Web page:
Directly owning quality companies you’re familiar with, like McDonald’s, Home Depot, and Apple, will help reinforce the psychological barrier that, when weak, can lead to panic selling at the worst possible time: near the lows.

Removing emotions is key to the long-term success of your portfolio. Since 2001, the average investor generated annualized returns of just 2.9% while a traditional 60/40 portfolio returned 6.4%, according to JPMorgan.

I blame human emotions, particularly fear and greed.

But these five steps can help you remove emotion from your investment decision process to better navigate the ups and downs of the stock market:

  1. Make sure your investment time horizon is aligned with your portfolio allocation. Stocks for the long term, bonds for the short term, and a combination in between. The average bear market lasts 18 months, which is why short term savings in stocks are risky as a market sell-off can occur right when you need the cash.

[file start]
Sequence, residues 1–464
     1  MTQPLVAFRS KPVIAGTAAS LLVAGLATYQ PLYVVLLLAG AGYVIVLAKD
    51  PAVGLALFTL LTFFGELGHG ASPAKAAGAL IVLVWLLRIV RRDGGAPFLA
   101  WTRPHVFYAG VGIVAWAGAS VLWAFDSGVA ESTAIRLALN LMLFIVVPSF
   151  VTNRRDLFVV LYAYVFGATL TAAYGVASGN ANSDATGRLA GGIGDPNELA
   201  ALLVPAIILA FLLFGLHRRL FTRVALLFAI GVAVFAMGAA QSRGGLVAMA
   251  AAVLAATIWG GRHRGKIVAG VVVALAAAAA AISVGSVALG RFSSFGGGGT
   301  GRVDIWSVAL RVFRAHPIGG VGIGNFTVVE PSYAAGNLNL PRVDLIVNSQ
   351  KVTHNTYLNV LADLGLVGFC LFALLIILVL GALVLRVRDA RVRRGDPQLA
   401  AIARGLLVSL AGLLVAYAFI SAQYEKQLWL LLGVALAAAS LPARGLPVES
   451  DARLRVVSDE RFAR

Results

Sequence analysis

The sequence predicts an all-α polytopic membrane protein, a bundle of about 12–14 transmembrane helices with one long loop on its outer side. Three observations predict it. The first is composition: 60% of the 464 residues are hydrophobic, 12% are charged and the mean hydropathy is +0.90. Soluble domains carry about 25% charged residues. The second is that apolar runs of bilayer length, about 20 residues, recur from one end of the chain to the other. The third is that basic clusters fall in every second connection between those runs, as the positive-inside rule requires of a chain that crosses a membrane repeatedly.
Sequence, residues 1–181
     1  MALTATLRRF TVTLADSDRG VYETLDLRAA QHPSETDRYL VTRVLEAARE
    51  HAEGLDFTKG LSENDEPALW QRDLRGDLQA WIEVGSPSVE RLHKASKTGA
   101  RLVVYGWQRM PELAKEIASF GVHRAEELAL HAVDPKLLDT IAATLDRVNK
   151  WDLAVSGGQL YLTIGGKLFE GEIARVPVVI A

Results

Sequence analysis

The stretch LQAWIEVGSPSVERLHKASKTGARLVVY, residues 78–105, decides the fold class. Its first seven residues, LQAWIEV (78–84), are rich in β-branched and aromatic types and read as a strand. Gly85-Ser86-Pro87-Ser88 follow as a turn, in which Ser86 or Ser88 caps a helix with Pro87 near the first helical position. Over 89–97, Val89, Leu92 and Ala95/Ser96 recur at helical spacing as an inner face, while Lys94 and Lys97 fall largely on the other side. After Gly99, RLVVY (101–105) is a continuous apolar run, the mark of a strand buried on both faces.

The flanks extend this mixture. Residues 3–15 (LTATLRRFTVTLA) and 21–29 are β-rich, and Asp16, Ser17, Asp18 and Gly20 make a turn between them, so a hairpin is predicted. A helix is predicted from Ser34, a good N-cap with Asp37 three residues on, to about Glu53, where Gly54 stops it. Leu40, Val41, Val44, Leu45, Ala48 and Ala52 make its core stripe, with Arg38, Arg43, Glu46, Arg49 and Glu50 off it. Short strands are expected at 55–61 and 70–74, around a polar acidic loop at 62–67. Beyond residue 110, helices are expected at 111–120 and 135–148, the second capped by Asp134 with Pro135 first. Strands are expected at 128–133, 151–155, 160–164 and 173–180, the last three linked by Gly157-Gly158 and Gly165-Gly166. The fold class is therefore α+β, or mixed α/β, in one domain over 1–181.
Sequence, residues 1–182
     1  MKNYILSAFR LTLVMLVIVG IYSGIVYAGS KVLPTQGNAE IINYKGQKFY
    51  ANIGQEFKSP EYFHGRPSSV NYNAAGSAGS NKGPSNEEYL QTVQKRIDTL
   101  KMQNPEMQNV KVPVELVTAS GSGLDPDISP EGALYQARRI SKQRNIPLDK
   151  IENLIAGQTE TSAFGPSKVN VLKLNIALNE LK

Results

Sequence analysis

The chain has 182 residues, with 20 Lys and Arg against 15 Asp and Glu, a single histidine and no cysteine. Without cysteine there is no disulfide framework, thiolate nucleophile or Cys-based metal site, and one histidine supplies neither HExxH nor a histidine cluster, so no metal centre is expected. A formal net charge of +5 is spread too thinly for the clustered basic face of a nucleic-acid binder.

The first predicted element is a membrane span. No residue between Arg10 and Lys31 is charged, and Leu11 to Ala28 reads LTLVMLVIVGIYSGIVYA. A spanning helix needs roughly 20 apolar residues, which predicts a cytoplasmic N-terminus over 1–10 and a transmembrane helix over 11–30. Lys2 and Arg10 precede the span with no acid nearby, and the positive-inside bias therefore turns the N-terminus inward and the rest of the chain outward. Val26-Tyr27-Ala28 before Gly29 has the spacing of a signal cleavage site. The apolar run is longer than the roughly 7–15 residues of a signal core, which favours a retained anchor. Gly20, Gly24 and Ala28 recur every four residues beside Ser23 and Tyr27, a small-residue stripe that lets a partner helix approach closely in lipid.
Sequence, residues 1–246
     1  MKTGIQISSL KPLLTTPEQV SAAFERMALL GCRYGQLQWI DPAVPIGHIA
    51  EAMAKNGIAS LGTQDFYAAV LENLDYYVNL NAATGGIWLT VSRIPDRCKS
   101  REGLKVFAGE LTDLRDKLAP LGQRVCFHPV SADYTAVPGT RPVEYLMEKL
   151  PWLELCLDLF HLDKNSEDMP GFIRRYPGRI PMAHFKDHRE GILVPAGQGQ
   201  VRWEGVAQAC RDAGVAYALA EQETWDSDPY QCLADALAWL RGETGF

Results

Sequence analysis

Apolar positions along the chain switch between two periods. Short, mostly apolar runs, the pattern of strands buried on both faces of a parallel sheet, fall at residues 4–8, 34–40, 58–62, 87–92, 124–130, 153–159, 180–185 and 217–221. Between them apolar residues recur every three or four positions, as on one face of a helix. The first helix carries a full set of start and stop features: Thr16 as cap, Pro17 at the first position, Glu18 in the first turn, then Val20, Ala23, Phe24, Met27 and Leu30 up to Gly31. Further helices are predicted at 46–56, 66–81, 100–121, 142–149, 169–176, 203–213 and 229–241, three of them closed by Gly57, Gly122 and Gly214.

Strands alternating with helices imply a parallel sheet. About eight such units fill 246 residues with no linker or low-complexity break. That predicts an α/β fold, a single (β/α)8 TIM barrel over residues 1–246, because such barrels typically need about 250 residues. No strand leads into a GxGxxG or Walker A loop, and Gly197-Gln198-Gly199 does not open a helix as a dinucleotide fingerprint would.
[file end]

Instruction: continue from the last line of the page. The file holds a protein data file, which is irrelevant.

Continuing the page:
2. Know what you own, and make sure it’s high quality. It’s ok to carve out a small portion of your portfolio to invest in more speculative assets, but only if you fully understand the risks (it can go to $0. No, seriously.), have a plan, and limit high-risk exposure to no more than 5% of your net worth.
  3. When it’s the right time to buy stocks, you probably won’t want to. News headlines will be overwhelmingly negative, and investor confidence will be non-existent. You can combat these emotions by setting up a recurring monthly deposit to dollar cost-average into your portfolio. Even a small amount can make a big difference over time.
  4. Diversify! For most people when investing, losing money feels a lot worse than making money feels good. To limit losses, portfolio diversification across different sectors, geographies, and investment factors is a must.
  5. Finally, reach out if you have any concerns, worries, or questions! A crucial part of an advisor’s job is to help you navigate stock market volatility and put daily fluctuations into perspective. Feeling uneasy? We’re here to help!

    Text/Call: (607) 882-1434 or e-mail

Following these steps should help you view the inevitable spike in market volatility as a long-term opportunity rather than a short-term liability, and that will give you the right mindset to accelerate the process of compounding your wealth over time.

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🙏 Thank You For Reading

If you've made it this far, I want to sincerely thank you for reading! Please reach out with any questions or thoughts, and have a great weekend!

Matthew Fox, CMT, MBA
Founder & Wealth Advisor